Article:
:: context
Students at the Institute of Philosophy (and many philosophy departments across the world) are required to take an introductory course on logic, but after that single course, relatively little attention is paid to the use of formal/mathematical methods in philosophy. This seems to be at odds with how actual research in contemporary (analytic) philosophy proceeds: one can hardly open a book or a journal without encountering some mathematical symbols, terms and techniques. This holds true especially for subareas of philosophy such as philosophical logic and philosophy of mathematics, but also for, say, epistemology, philosophy of mind and philosophy of language, and even for subareas such as ethics and metaphysics.
The problem is that many of these mathematical ideas might be a bit daunting for the average philosophy student (with just that single introductory logic under her belt), who is thereby left missing out on many philosophically interesting ideas. The solution to this problem should of course not be that every philosophy student has to acquire a fullblown mathematics education! It is exactly this gap that the informal reading group on 'Mathematics for Philosophy' is meant to fill.
The goal of the reading group is to allow interested students (and staff members) to explore exactly those bits and pieces of mathematics that are most interesting/useful for understanding contemporary philosophy. We aim for breadth of coverage rather than narrow specialization: all topics will be discussed at an understandable level, and if a participant wants to exploring a particular topic that is relevant for her philosophical interests in more detail, she will have acquired enough basic knowledge to do this in a relatively independent fashion...
:: text
Eric Steinhart, 2009, More Precisely. The Math you Need to do Philosophy. The book's website is here.
(pdf files of the book's chapters will be made available to all participants)
:: schedule
Time: all sessions are from 12:00 to 14:00. Location: the sessions of March 10 and April 28 take place in room C (00.16) of the Institute of Philosophy. All other sessions take place in the Salons of the Institute.  March 10, 2015: Chapter 1: Sets
 March 17, 2015: Chapter 2: Relations
 March 24, 2015: Chapter 3: Machines
 March 31, 2015: Chapter 4: Semantics
 April 7, 2015: Easter break: no meeting!
 April 14, 2015: Easter break: no meeting!
 April 21, 2015: Chapter 5: Probability
 April 28, 2015: Chapter 6: Utilitarianism (note: room C!!)
 May 5, 2015: Chapter 7: From the Finite to the Infinite
 May 12, 2015: Chapter 8: Bigger Infinities
:: additional notes and links
Related to session 1:  Timothy Williamson's paper 'Must do Better' is available online here (the quote we read during the first session is on p. 14 and p. 17)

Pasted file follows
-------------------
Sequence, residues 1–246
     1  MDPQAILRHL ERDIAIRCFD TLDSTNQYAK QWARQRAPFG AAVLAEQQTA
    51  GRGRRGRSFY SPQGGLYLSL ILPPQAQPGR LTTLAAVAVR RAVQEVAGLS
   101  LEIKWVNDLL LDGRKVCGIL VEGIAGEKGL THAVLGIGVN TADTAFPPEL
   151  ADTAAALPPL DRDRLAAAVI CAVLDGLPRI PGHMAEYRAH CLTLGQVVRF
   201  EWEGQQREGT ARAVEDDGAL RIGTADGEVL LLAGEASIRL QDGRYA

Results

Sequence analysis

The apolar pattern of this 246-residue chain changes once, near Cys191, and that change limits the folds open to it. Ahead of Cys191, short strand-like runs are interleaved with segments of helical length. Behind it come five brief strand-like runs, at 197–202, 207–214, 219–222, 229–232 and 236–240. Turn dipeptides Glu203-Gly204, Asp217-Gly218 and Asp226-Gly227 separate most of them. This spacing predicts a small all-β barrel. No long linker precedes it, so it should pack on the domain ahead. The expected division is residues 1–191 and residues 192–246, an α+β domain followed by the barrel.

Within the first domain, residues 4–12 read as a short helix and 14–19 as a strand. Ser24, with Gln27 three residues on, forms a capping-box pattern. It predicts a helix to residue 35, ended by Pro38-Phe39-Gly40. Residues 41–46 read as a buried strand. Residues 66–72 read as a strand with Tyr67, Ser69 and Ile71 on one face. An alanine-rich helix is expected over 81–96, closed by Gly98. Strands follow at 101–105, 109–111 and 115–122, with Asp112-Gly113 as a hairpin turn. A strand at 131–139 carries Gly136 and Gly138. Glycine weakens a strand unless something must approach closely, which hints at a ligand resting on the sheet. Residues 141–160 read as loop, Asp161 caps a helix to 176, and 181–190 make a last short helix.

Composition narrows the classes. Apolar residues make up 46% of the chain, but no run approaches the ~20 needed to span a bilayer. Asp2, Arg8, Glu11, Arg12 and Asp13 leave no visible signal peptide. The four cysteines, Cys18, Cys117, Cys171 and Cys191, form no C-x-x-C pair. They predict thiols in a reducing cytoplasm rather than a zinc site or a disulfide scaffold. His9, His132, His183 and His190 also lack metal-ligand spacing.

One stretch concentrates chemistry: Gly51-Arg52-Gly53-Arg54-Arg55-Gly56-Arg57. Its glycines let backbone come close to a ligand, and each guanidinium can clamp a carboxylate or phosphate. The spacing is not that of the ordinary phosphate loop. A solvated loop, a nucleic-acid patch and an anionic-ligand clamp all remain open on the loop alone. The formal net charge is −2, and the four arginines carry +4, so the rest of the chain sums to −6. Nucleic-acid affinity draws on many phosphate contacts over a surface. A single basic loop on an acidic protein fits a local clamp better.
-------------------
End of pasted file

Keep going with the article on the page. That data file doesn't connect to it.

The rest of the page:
Hannes Leitgeb's paper 'Scientific Philosophy, Mathematical Philosophy, and All That' is available online here
 Make sure to pay a visit to the website of the Munich Center for Mathematical Philosophy and have a look at their research page!
 Inspired by our discussion during the first session, I wrote some brief notes about Benacerraf's problem.
Related to session 2:  Stefaan Cuypers's paper 'The Memory Theory of Personal Identity' is available here (it originally appeared as an appendix to his book SelfIdentity and Personal Autonomy: An Analytical Anthropology, 2001, Ashgate).
 An interesting blog post by Peter Smith about the (non)difference between unary and binary functions can be found here.
 And here is a useful video explaining some basic properties of equivalence classes.
 Have a brief look at the website for the book Revenge of the Liar; the section 'About this book' contains a nice description of what a revenge problem is.
Related to session 3:  You can experiment with Conway's Game of Life here.
 This video shows another nice example of a phase transition; there's some additional explanation in the video description.
Related to session 5:  The axioms for Popper functions (similar to the Kolmogorov axioms for absolute probability functions) can be found here.
 This video explains Dutch book arguments (note: the video discusses both synchronic and diachronic Dutch books; during the reading group we only had the chance to talk about the synchronic kind!).
Related to session 6:  This video explains the Saint Petersburg paradox.
 This video explains the Allais paradox.
Related to session 7:  This video provides a nice explanation of Hilbert's hotel.
Related to the Singapore birthday problem:  Newspaper articles about the problem and the solution (in Dutch).
 Newspaper article about the problem (in English).
 I just discovered this video of Barteld Kooi's explanation of the solution. Note: this is essentially the same explanation as the one I gave during the reading group (session 7), which should not be too surprising, given that we are both making use of the very nice and powerful framework of 'dynamic epistemic logic' (actually, Barteld and I have written several papers together on this framework, as you can see here).
:: participants (past and present)  Michaël Bauwens
 Stefaan Cuypers
 Lorenz Demey
 Stef Frijters
 Kevin Holmes
 Zhuran Li
 Hans Smessaert
 Wouter Termont
 Pieter Thyssen
 Wouter Vancoillie
 Karen Van den Bosch
 Dajo Vande Putte
 Louise Vandevelde
 Arne Verkerk
 Leander Vignero